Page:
Datong City, located in the north of Shanxi Province about 240 kilometers due west of Beijing and some 20 kilometers south of the Great Wall, which follows, roughly, the border between present-day Shanxi Province and Inner Mongolia Autonomous Region, is one of the famous historic and cultural cities of China. In ancient times, Datong was a military stronghold whose mission was to hold back the hordes that frequently pushed south into China proper, from Mongolia. Indeed, this was the very raison d'être of the Great Wall. Today, however, Datong, alongside its tourism-oriented role as an important Chinese historical venue, provides one of the country's primary sources of energy, as significant coal deposits have been found here, giving Datong the somewhat dubious title of China's "coal capital".
But the city of Datong is of course more than just a burgeoning industrial zone, it boasts a unique landscape and is the venue of some of China's most valued historical treasures, such as: Yungang Grottoes (see the link to Yungang Grottoes here); Hengshan Mountain, one of the five sacred mountains in Taoism/ Daoism; the Nine-Dragon Screen Wall, the largest dragon screen wall in China; the Hanging Temple, a Buddhist temple complex built into a cliff face that is both a thing of beauty and a marvel of engineering; the Wooden Pagoda of Fogong Temple, the oldest and tallest wooden pagoda in China; Shanhua Temple, whose buildings and statues date back to the Liao (CE 916-1125) and Jin (CE 1115-1234) Dynasties; Daxiong Palace, one of the largest ancient Buddhist shrines in China, and Bojia Palace, whose statues also date back to the Liao Dynasty, both of which palaces belong to the Huayan Temple complex, as does Tiangong Pavilion, making Datong City rich in cultural heritage.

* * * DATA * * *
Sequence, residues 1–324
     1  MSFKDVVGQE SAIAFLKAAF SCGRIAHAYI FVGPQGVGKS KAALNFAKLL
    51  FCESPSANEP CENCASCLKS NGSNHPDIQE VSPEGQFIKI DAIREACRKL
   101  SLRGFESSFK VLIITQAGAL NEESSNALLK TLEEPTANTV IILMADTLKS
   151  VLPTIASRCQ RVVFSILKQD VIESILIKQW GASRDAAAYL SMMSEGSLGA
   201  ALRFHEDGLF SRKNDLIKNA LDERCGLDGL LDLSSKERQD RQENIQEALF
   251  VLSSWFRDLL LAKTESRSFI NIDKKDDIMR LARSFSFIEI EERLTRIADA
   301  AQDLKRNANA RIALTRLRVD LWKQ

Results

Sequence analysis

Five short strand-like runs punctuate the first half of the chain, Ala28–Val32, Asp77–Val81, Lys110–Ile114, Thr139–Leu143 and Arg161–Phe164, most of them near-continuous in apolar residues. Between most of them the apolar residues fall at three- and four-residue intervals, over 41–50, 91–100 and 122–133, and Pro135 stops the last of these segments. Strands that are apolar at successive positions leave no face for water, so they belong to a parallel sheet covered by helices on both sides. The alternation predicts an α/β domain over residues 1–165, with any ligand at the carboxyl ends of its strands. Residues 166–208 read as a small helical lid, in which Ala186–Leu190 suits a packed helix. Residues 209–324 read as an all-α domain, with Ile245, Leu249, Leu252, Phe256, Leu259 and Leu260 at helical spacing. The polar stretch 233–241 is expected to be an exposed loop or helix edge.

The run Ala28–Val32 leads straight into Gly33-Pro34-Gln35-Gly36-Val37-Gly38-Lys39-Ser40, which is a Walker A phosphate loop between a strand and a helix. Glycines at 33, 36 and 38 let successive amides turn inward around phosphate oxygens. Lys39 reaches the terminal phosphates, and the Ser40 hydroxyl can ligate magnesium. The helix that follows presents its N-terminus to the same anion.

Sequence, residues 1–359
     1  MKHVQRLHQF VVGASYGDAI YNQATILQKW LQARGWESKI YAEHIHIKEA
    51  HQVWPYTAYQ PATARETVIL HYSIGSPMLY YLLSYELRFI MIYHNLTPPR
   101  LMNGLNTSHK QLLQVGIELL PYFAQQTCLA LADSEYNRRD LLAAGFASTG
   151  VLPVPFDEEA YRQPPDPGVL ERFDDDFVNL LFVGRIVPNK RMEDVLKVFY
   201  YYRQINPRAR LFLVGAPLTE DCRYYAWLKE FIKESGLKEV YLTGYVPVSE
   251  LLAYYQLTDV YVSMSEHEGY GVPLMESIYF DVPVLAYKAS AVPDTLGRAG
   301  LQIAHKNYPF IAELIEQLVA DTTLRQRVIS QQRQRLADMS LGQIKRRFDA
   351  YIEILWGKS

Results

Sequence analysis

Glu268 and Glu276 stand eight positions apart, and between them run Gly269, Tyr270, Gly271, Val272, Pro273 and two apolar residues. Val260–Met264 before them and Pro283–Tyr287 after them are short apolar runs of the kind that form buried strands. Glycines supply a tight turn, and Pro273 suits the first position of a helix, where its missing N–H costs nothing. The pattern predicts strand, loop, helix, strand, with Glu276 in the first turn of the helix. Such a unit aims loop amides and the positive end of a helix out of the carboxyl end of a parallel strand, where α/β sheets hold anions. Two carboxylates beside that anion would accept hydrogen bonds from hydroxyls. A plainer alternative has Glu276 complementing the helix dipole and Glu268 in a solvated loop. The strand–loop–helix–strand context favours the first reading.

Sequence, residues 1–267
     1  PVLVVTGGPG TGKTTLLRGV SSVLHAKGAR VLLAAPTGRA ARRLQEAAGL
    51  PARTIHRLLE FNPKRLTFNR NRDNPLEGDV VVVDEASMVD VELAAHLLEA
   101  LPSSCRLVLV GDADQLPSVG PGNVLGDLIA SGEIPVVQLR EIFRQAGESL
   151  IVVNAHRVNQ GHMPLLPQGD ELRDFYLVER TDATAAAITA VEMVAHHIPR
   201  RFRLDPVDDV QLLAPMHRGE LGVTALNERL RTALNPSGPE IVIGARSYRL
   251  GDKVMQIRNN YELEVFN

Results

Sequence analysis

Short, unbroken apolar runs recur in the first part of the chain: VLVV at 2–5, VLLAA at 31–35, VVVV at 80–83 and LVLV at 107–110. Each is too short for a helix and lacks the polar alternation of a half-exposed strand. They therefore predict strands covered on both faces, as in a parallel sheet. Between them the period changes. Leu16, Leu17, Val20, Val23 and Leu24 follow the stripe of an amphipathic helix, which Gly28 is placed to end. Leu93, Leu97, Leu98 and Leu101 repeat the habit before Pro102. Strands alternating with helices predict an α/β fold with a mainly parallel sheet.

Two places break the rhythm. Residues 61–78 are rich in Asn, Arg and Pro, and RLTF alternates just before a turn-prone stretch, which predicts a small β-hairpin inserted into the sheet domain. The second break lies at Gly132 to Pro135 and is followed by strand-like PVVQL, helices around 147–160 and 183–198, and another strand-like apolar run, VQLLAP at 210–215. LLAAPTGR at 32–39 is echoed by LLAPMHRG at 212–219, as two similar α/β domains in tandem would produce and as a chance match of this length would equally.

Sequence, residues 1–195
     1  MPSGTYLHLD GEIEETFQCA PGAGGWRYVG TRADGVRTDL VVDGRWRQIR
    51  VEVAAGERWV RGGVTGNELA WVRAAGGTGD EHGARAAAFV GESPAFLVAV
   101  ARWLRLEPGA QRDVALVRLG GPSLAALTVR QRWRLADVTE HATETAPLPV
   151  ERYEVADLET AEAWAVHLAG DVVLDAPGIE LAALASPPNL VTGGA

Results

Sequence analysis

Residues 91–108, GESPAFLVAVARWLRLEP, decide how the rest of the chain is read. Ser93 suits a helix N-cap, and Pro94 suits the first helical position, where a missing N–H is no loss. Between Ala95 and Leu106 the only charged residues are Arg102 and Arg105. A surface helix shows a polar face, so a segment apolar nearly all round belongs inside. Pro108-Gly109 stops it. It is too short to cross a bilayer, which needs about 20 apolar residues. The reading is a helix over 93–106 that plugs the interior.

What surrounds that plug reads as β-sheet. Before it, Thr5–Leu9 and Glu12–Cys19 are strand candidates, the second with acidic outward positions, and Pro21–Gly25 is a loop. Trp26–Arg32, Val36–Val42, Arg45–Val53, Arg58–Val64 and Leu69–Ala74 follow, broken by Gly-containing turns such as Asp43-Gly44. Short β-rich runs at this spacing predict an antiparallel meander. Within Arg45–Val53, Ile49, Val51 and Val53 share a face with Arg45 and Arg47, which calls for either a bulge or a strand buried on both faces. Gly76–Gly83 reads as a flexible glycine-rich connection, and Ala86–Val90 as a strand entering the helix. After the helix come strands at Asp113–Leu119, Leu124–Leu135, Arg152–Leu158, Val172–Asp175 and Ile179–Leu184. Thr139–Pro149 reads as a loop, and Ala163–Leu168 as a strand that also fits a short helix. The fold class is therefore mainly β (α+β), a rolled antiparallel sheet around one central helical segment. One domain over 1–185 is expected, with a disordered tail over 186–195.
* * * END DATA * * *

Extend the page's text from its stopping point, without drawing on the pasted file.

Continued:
In addition to these cultural highlights, Datong City has a past that is also linked to the overland Silk Road route (to distinguish it from the later "Silk Road" sea route). The city was founded around BCE 200 during the Han (BCE 206 – CE 220) Dynasty under the name Pingcheng. Pingcheng was a stopping-off point for camel caravans heading west along the Silk Road route.